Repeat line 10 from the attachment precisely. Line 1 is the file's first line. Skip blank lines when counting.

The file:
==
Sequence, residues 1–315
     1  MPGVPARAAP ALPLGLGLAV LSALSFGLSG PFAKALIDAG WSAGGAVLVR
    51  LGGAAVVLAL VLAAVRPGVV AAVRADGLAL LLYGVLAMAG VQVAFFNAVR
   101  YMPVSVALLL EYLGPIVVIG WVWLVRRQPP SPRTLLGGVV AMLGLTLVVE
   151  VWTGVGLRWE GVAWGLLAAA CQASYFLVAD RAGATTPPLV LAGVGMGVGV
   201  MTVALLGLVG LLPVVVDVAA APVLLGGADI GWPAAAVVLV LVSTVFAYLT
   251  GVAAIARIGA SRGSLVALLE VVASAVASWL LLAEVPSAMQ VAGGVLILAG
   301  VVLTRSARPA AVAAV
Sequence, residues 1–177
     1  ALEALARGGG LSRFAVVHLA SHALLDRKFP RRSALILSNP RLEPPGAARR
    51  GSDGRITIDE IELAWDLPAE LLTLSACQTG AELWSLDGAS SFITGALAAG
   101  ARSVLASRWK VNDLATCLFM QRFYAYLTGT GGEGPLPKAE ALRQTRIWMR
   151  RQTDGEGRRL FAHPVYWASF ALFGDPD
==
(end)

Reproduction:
     1  ALEALARGGG LSRFAVVHLA SHALLDRKFP RRSALILSNP RLEPPGAARR